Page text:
Quarter Million Realized at Cordier’s March Fine & Decorative Arts Auction

March 22, 2024

The thrill of the auction ended on Thursday afternoon at Cordier Auctions in Harrisburg, PA with their Fine & Decorative Arts Auction hitting $218,000 on only 133 lots. From beautiful Baroque sterling silver sets to contemporary art by Fernando Botero, Cordier brought together some of the best from Central Pennsylvania to the world. All prices realized include buyer’s premium.

The highlight of this auction was a fabulous collection of vintage and antique Native American jewelry. The collection realized just over $55,000. The top lot of this collection included highly detailed Zuni inlay work on beautiful pins, tie clips, and belt buckles featuring Zuni cultural dance figures, which sold for $11,780. Other items in this collection included a rare late 19th century Navajo sterling horse bridal and several selections of Zuni inlaid bolo ties that showcased kachina dance figures. One such bolo tie included work by one of the first known artists to include turquoise and red coral into a combined setting – Dan Simplicio (1917-1969).

The small but mighty selection of fine art included an oil painting by Louisa McElwain (American, 1953-2013), which depicted the luscious landscape near Chimayo in New Mexico. McElwain was a renowned New Mexico artist, known for her plein-air depictions of the New Mexico sky. The oil painting sold for $26,040.

Another artist, more familiar to those along the Philadelphia mainline, was an oil painting of an iceberg by Carl Philip Weber (Pennsylvania, Germany, 1849-1922). While more known for his rural Pennsylvania scenes, this dramatic painting of a ship approaching an iceberg realized $5,200.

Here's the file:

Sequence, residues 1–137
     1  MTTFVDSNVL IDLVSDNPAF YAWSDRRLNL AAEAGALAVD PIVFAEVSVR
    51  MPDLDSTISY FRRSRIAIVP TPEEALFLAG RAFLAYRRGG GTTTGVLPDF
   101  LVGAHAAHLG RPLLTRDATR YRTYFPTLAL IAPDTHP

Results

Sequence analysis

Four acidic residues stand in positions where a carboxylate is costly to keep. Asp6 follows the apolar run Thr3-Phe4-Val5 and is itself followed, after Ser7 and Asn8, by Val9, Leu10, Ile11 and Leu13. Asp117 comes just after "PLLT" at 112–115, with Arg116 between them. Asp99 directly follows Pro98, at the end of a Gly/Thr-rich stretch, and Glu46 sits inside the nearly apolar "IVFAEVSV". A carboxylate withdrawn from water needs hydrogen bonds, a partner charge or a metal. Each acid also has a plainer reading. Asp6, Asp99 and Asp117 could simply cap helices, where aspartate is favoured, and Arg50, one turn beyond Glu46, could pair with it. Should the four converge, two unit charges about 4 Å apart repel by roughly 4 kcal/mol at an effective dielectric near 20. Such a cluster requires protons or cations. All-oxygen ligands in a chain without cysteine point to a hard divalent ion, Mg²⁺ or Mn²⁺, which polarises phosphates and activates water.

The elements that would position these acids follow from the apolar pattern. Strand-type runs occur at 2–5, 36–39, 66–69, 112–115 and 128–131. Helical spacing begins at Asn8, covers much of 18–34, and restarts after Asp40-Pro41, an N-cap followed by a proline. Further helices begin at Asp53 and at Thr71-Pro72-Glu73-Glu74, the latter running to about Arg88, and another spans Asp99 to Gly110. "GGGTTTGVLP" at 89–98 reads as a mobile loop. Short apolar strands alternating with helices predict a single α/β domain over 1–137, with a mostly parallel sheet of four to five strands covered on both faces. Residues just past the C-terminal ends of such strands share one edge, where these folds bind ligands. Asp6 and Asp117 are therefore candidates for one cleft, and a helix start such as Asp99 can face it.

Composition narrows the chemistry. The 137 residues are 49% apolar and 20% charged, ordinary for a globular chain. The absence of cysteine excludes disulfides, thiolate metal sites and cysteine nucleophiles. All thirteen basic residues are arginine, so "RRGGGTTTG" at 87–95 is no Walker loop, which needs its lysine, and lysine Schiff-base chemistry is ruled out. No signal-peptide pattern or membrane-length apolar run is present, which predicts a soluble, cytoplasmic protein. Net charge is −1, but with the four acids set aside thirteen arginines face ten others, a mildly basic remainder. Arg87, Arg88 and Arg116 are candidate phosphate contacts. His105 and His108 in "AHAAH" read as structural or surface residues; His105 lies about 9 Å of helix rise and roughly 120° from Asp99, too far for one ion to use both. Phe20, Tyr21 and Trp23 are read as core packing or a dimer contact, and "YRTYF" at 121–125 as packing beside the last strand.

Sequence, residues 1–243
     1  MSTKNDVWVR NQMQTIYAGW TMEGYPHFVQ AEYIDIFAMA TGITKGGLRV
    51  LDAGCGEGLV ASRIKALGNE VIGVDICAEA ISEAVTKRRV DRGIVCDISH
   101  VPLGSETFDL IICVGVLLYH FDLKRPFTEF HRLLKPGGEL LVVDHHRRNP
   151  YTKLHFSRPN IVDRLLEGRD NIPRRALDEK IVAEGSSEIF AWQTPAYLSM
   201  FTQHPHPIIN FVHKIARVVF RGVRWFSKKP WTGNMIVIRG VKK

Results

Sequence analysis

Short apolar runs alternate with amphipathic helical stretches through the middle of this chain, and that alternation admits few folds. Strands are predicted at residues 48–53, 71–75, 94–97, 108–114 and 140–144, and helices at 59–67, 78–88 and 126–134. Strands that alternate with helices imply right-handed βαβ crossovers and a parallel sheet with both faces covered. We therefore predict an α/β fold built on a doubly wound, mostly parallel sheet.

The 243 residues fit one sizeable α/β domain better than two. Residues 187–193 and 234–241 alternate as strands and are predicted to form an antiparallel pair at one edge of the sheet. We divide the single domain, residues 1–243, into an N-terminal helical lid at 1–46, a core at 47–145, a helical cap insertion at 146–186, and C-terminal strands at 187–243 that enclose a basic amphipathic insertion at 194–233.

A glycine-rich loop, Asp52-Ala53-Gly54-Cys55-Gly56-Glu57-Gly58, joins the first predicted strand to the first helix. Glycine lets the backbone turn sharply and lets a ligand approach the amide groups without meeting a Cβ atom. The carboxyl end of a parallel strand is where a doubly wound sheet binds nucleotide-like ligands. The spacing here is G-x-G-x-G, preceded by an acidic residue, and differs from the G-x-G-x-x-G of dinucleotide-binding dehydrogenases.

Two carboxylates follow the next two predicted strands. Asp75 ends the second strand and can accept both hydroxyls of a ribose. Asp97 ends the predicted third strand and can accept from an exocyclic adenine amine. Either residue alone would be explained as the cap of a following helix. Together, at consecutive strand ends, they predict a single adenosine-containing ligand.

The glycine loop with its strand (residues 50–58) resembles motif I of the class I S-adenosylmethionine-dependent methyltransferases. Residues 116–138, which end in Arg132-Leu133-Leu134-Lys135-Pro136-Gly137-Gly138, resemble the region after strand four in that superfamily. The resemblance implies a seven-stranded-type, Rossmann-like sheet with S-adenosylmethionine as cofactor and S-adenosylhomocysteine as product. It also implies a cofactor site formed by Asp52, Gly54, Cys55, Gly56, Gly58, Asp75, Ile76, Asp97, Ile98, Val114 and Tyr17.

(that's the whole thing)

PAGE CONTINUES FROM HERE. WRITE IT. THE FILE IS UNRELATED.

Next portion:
From the Meiji Period (1868-1912) in Japan, a gorgeous bronze goshawk by Akasora Gyokoo brought $10,540. This goshawk settled on a twisted branch absolutely reveals the beauty of Gyokoo’s exceptional craftsmanship. This auction price is one of the best for his bronze work.

Of the offerings, the piece with perhaps the most fascinating story was that of famed international artist Fernando Botero. In September of 1961, the sound of torn paper rang out. Botero had just ripped into two a failed piece of artwork and thrown it away! His then-roommate, Michaelangelo DeLocca, immediately dove in to save the paper. This artwork would have become a part of Botero’s 1960s series “Caballito.” While it is unknown exactly why Botero may have thrown the piece away, the painting continues to have a life long after the artist forgot about it in his trashcan. In the 1970s, DeLocca sold the artwork to a couple who lived in Coconut Grove, Florida. There, it remained in their collection until sold at auction for $3,800!

You too can find what your possible treasure can be worth with Cordier Auctions. Visit www.cordierauction.com or call 717-731-8662 for more information.

Louisa McElwain, "Chimayo Badlands" (1994) [SOLD: $26, 040]

Akasofu Gyokko (Japanese) Bronze Model of A Goshawk  [SOLD: $10, 540]